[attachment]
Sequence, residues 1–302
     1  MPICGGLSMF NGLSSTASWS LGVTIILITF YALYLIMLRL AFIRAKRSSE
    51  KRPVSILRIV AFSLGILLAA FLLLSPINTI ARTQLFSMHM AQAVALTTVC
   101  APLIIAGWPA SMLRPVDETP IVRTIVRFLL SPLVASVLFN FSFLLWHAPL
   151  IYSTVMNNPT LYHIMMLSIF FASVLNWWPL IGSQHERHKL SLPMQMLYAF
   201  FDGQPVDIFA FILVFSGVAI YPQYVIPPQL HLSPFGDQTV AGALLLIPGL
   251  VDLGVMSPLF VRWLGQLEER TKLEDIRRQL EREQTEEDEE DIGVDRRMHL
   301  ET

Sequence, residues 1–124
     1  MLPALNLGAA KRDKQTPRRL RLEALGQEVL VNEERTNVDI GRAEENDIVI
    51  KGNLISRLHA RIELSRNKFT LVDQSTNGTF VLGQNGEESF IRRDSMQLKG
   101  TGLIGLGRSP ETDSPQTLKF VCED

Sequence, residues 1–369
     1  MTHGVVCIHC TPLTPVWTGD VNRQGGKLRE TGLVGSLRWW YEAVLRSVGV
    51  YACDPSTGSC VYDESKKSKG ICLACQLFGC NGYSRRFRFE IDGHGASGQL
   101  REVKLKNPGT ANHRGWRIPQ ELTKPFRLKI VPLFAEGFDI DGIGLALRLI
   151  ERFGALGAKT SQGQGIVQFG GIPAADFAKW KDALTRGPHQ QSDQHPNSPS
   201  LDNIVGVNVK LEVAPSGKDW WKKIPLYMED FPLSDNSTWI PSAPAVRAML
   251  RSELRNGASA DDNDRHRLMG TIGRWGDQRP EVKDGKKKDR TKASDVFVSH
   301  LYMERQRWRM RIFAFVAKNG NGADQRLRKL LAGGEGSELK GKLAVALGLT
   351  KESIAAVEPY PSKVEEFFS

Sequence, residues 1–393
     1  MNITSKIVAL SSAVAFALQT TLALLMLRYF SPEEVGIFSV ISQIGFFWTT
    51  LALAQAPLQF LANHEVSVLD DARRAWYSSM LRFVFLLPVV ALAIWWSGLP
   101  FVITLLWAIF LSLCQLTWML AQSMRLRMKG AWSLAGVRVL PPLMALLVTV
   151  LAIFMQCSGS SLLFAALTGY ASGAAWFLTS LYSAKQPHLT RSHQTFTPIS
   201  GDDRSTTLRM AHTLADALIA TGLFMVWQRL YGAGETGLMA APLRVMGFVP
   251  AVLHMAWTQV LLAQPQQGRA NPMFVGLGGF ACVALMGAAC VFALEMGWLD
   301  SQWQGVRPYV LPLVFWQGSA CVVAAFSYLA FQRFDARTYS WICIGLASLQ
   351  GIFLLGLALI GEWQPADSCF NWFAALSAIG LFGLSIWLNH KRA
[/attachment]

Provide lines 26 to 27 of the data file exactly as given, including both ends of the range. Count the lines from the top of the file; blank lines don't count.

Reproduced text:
   151  LAIFMQCSGS SLLFAALTGY ASGAAWFLTS LYSAKQPHLT RSHQTFTPIS
   201  GDDRSTTLRM AHTLADALIA TGLFMVWQRL YGAGETGLMA APLRVMGFVP